Robert Wendle Allen, Petitioner-appellant, v. William A. Duncan, Respondent-appellee, 108 F.3d 336 (9th Cir. 1997)Annotate this Case
Before: BRUNETTI, FERNANDEZ, and HAWKINS, Circuit Judges.
Allen appeals the district court's denial of his petition for habeas corpus filed under 28 U.S.C. § 2254. Allen argues that his attorney provided ineffective assistance by advising him to admit two prior felony convictions sustained in the state of Washington in 1977, which subjected him to a five-year enhancement under California law. Allen further argues that the state trial court violated his rights under the Confrontation Clause by considering the reporter's transcript of his 1977 trial because the prosecution failed to establish that the witnesses whose statements were contained in these transcripts were unavailable.
FACTS AND PROCEEDINGS BELOW
In 1992, in Santa Clara County, petitioner was charged with burglary. The information also alleged that petitioner had been convicted of two prior "serious felonies" in the state of Washington in 1977. The trials for the California burglary, and the two Washington priors, were bifurcated. After closing arguments on the California burglary, and before the trial on the Washington priors, Allen admitted these serious felony convictions for kidnapping and robbery on the advice of his attorney.
Allen was sentenced to sixteen years in state prison, five of which were attributed to the Washington convictions. The judgment of conviction was affirmed on appeal, but the court of appeals issued an order to show cause in habeas corpus on the question of whether Allen's admission of the two priors satisfied the requirements for sentence enhancement under California Penal Code section 667. Specifically, the court of appeal held that the record was insufficient to show that the criminal conduct involved in the Washington convictions corresponded to each element of a California felony. The court ordered the prosecution to produce evidence of Allen's criminal conduct.
Over Allen's hearsay objection, the prosecution introduced the reporter's transcript of the Washington trial to prove the criminal conduct underlying the two convictions. The superior court found that the prosecution had carried its burden, denied Allen's petition for habeas corpus, and the court of appeals affirmed.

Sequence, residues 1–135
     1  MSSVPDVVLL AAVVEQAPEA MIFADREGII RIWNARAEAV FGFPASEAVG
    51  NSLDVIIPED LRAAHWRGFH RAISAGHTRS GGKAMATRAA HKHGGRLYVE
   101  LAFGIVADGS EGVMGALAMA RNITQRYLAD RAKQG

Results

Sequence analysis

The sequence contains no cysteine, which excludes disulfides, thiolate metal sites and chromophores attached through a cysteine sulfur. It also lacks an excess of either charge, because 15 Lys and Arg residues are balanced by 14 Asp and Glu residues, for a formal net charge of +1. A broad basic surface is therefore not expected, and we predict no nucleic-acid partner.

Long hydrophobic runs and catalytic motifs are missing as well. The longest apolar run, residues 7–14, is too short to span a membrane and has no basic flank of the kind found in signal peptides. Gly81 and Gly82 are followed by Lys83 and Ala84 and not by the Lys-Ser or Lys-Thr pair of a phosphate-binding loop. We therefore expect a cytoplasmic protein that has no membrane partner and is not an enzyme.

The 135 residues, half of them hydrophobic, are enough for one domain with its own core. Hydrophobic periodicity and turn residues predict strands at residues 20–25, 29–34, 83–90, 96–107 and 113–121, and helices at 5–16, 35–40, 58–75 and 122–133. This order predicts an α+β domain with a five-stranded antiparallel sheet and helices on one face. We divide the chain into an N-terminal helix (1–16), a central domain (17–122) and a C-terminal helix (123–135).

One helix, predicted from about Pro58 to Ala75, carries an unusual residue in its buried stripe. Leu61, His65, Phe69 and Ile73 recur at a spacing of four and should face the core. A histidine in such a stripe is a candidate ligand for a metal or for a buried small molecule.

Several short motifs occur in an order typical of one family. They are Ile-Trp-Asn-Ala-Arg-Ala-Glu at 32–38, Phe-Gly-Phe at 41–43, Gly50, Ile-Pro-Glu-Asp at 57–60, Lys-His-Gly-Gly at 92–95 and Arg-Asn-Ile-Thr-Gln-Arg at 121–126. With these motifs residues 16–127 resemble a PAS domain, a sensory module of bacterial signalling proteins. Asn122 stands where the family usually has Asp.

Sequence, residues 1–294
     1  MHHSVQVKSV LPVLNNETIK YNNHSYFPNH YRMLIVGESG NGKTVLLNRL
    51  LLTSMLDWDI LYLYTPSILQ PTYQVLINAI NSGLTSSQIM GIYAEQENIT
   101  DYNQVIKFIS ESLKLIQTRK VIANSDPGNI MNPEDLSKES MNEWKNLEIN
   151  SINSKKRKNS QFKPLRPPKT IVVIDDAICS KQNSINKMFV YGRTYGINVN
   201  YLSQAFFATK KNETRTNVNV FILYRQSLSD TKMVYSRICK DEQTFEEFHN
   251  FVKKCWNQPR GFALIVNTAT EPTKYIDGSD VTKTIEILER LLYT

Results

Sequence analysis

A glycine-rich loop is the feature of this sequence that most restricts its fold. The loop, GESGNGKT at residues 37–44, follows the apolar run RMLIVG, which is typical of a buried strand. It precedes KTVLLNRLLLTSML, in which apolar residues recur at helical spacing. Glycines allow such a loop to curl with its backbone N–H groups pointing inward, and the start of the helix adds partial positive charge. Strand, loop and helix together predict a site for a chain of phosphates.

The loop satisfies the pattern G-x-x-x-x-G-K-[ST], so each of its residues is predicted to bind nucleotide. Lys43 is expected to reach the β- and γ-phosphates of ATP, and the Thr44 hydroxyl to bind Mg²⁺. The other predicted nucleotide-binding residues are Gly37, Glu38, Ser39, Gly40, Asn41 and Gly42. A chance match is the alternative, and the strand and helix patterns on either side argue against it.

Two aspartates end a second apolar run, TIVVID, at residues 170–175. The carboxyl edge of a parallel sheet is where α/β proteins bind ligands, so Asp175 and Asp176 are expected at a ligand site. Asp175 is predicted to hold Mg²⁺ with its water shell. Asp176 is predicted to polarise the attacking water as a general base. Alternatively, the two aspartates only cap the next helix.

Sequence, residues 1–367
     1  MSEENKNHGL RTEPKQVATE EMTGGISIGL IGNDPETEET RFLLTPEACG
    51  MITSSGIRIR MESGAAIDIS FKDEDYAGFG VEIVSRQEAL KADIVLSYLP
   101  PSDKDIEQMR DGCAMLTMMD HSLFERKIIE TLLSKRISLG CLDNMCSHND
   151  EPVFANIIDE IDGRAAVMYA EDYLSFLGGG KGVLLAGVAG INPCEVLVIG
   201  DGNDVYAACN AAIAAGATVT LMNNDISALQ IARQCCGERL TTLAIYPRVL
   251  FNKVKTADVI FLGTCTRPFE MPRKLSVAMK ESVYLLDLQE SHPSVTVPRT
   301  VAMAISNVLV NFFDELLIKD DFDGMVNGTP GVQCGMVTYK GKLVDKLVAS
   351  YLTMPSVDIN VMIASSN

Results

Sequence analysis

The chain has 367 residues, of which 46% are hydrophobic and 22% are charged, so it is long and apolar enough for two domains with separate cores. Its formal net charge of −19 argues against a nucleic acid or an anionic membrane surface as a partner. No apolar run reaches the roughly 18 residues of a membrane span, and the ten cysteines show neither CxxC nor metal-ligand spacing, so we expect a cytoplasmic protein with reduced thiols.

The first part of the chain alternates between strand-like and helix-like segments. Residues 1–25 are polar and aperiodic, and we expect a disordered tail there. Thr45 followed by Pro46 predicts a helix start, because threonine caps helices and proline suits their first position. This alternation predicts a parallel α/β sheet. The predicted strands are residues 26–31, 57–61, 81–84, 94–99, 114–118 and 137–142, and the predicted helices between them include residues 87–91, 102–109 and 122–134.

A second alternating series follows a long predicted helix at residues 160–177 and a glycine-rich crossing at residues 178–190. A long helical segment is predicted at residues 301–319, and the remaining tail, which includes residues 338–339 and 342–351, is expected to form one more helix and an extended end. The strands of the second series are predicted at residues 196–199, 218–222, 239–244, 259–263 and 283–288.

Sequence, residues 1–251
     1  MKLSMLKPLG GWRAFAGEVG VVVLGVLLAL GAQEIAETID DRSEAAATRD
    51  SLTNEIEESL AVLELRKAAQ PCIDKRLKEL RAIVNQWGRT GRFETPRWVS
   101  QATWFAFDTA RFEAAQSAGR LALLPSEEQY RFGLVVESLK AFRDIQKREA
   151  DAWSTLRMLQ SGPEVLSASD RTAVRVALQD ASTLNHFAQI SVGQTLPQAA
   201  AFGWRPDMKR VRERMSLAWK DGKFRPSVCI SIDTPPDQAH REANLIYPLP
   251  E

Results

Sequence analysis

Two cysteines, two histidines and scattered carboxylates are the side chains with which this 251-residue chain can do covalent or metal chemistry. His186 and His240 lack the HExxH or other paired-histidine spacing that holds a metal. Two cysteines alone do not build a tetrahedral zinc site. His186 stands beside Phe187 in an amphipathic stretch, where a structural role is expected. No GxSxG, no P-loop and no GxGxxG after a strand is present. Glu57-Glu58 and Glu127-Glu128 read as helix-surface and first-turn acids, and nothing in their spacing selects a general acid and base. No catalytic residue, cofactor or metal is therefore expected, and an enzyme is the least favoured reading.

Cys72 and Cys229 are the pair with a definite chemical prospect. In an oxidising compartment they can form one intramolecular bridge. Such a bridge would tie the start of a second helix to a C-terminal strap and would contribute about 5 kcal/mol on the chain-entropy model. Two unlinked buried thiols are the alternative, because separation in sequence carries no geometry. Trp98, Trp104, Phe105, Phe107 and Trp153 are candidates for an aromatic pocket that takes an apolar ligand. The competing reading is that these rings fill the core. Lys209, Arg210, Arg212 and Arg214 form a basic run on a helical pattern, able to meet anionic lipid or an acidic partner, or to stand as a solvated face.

In April 1995, Allen filed a petition for habeas corpus in the United States District Court, which the court denied. On May 29, 1996, Allen filed a notice of appeal, and filed a request for a certificate of appealability. The court granted the request as to the Confrontation Clause issue, but denied it as to the ineffective assistance of counsel issue. Allen also filed a request for certificate of appealability with this court as to the ineffective assistance of counsel issue.
We have jurisdiction under 28 U.S.C. § 2253(c). We assume that the recently enacted Anti-Terrorism and Effective Death Penalty Act ("Act"), Pub. L. No. 104-132, 110 Stat. 1214, does not apply, see Naddi v. Hill, Nos. 96-55755, 96-55791, slip op. at 417 (9th Cir. Jan. 15, 1997); Jeffries v. Wood, 103 F.3d 827 (1996), although we would affirm the district court's denial of Allen's habeas petitioner under either standard. Under the Pre-Act version of § 2253(c), " [w]hen a district court grant [ed] a so-called limited certificate of probable cause, the court of appeals must ignore the limitation, and address all of the petitioner's assertions of error. See Chacon v. Wood, 36 F.3d 1459, 1467 (9th Cir. 1994). We thus address the merits of Allen's ineffectiveness claim and his Confrontation Clause claim.
To prevail on a claim of ineffective assistance, a petitioner must show both that his counsel's performance was deficient and that this prejudiced his case. Strickland v. Washington, 466 U.S. 668, 688 (1984). "If it is possible to dispose of an ineffectiveness claim on the ground of lack of sufficient prejudice, we may do so without examining the performance prong." Id. at 697. Allen argues that his attorney was ineffective by advising him to admit his prior convictions. Had Allen not admitted the priors, the prosecution would have been required to prove the priors. Here, the court of appeal actually required the prosecution to prove the prior, which it did. Allen thus suffered no prejudice.
Allen argues that the admission of the 1977 Washington state trial transcript violated his Confrontation Clause rights. He argues that the transcript does not fall within the former testimony exception to the hearsay rule because the prosecution failed to show that the witnesses whose statements were contained in the transcripts were unavailable as a matter of fact. Here, the hearsay statements Allen complains of were used against him to establish a sentence enhancement. See People v. Wiley, 889 P.2d 541, 543 (Cal.1995). "A sentencing judge may consider hearsay evidence without running afoul of the Confrontation Clause, but the evidence must be reliable." United States v. Williams, 41 F.3d 496, 499-500 (9th Cir. 1994). At the Washington trial, Allen cross-examined the witnesses whose statements are contained in the transcripts. Further, because the Washington trial concerned charges of burglary and kidnapping, both carrying substantial sentences, Allen had a strong motive to develop the record fully. Allen makes no argument suggesting the statements are unreliable. Accordingly, Allen fails to establish a violation of the Confrontation Clause.
This disposition is not appropriate for publication and may not be cited to or by the courts of this circuit except as provided by Ninth Circuit Rule 36-3